To Elizabeth Schuyler
[Preakness, New Jersey, July 20, 1780]
It is an age my dearest since I have received a letter from you; the post is arrived and not a line. I know not to what to impute your silence; so it is I am alarmed with an apprehension ⟨of your⟩ being ill. Sometimes I suspect a ⟨– – –⟩ of your letters. Sometimes my anx⟨iety accuses⟩ you of negligence but I chide my⟨self⟩ whenever it does. You know ⟨very well⟩ how precious your letters are to m⟨e and⟩ you know the tender, apprehensive ⟨amia⟩ble nature of my love. You know the pleasure that hearing from you gives ⟨me.⟩ You know it is the only one I am now capable of enjoying. After all you certainly would not neglect ⟨me⟩ if you possibly could. Here am ⟨I⟩ immersed in business, yet every d⟨ay or⟩ two I find leisure to write to my a⟨ngel;⟩ the reason is you are never out ⟨of⟩ my thoughts, and if I had but one hour in the four and twenty to rest ⟨all⟩ of it would be devoted to you. I do not say this to reproach you with unkindness. I cannot suppose you ca⟨n,⟩ in so short an absence, have abated ⟨your⟩ affection; and if you even found any change, I have too good an opin⟨ion⟩ of your candour to imagine you would not instantly tell me of it.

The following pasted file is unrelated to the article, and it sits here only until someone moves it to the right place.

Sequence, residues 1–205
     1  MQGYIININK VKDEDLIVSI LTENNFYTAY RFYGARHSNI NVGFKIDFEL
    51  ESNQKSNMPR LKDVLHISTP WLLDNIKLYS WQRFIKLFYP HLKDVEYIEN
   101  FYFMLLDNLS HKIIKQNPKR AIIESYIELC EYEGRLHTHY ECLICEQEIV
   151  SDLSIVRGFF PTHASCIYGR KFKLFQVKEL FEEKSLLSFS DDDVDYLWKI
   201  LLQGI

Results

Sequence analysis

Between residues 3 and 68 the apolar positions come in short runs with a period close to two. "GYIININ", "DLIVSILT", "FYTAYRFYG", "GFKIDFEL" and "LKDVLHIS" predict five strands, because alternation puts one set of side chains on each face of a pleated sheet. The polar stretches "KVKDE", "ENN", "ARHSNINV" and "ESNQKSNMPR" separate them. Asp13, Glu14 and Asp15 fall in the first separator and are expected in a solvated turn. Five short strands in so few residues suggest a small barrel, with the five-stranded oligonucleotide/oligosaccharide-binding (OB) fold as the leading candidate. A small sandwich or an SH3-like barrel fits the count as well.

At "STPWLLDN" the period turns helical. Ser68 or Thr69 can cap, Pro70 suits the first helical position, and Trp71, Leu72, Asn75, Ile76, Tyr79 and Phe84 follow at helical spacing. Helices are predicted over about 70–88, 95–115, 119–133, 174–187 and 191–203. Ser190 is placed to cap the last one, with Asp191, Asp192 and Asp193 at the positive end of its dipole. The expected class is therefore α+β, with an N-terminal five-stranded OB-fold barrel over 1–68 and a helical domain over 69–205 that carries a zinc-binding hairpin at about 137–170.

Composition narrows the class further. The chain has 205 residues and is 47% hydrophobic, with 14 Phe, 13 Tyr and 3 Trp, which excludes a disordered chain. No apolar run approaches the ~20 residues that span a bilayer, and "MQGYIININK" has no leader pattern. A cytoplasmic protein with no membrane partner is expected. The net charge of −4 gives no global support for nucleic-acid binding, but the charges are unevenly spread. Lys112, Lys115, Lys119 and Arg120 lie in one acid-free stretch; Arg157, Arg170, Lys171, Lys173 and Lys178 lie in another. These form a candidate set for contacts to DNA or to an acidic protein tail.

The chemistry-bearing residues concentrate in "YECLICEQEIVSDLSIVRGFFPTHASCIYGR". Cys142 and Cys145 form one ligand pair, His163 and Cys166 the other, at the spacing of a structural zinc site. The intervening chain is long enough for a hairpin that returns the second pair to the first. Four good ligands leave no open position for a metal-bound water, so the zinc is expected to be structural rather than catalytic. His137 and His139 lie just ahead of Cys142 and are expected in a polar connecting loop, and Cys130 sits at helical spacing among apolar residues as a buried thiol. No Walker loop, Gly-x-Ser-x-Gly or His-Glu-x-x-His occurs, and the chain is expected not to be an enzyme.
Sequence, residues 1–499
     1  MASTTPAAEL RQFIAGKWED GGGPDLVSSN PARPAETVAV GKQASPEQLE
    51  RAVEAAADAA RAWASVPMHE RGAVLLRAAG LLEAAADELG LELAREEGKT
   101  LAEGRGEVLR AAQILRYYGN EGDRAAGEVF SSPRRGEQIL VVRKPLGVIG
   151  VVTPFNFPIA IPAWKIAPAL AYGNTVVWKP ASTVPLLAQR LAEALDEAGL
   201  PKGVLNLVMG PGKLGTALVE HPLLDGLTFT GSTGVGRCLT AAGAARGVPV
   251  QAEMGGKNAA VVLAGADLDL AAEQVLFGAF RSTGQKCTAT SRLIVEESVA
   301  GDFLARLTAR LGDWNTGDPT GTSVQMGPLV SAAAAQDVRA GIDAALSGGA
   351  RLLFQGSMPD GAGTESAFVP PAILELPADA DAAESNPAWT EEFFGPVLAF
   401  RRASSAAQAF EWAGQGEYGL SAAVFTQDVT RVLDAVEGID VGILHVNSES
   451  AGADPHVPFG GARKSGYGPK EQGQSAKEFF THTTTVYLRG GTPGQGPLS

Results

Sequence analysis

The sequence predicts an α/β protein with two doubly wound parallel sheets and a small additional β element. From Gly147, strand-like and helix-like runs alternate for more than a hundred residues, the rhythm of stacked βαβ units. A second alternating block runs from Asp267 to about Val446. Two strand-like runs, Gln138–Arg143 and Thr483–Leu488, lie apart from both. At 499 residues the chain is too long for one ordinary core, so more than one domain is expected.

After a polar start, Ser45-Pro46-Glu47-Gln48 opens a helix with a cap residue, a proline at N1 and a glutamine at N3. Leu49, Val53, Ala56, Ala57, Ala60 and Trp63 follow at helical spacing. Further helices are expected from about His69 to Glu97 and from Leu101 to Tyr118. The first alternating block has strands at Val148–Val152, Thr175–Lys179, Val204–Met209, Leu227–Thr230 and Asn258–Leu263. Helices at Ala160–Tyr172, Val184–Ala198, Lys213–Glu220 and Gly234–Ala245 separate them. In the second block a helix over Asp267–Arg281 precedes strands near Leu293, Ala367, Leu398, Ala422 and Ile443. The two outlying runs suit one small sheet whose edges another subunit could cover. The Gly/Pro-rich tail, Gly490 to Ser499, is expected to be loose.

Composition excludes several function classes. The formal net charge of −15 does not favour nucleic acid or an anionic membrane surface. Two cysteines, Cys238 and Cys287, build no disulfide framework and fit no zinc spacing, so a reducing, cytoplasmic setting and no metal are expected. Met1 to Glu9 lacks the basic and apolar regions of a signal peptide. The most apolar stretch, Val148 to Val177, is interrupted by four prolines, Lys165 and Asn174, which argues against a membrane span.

Pardon me my lovely girl for any thing I may have said that has the remotest semblance of complaining. If you knew my heart thoroughly you would see it so full of tenderness for you that you would not only pardon, but you would even love my weaknesses. For god’s sake My Dear Betsey try to write me oftener and give me the picture of your heart in all its varieties of light and shade. Tell me whether it feels the same for me or did when we were together, or whether what seemed to be love was nothing more than a generous sympathy. The possibility of this frequently torments me.
The French fleet and army, that is the first division of them, is arrived at New Port; another division is shortly expected. Graves with six ships of the line is arrived at New York, which makes the British for the present superior. They are gone to Rhode Island; but if our friends there take proper measures they can effect nothing and the tables will soon turn. I hope for a decisive campaign. No one will desire it more than me; for a military life is now grown insupportable to me because it keeps me from all my soul holds dear. Adieu My love. Write to me often I entreat you, and do not suffer any part of my treasure, your sweet love, to be lost or stolen from me.
My Affectionate respects to your Mama and love to the family
ALS, Mr. George T. Bowdoin, New York City.